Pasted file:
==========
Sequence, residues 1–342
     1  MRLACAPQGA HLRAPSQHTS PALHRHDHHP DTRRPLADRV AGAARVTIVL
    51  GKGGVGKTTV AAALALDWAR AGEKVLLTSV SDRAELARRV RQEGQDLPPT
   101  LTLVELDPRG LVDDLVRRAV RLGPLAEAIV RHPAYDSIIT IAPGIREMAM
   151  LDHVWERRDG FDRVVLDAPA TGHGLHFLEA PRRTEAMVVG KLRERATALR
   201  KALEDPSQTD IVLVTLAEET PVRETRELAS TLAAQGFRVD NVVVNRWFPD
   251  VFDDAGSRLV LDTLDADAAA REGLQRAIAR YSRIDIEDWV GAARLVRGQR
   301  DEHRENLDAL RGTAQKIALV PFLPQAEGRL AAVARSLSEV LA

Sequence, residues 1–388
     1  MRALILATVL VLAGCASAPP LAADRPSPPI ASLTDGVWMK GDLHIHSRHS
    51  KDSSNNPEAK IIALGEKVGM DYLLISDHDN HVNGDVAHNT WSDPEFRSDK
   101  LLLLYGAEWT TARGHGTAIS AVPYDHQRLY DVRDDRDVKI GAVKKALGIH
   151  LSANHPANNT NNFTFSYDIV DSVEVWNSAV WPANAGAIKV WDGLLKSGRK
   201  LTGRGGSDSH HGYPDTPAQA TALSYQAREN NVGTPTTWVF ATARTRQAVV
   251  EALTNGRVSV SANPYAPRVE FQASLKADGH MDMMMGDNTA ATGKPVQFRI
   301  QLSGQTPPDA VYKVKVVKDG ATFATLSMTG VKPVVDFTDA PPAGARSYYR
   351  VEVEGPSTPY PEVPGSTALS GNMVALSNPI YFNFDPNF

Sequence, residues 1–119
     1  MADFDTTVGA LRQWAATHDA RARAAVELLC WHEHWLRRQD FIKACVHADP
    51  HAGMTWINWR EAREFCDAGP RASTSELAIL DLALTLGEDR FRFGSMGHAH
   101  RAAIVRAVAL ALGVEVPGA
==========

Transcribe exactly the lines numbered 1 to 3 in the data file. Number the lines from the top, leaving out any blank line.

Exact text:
Sequence, residues 1–342
     1  MRLACAPQGA HLRAPSQHTS PALHRHDHHP DTRRPLADRV AGAARVTIVL
    51  GKGGVGKTTV AAALALDWAR AGEKVLLTSV SDRAELARRV RQEGQDLPPT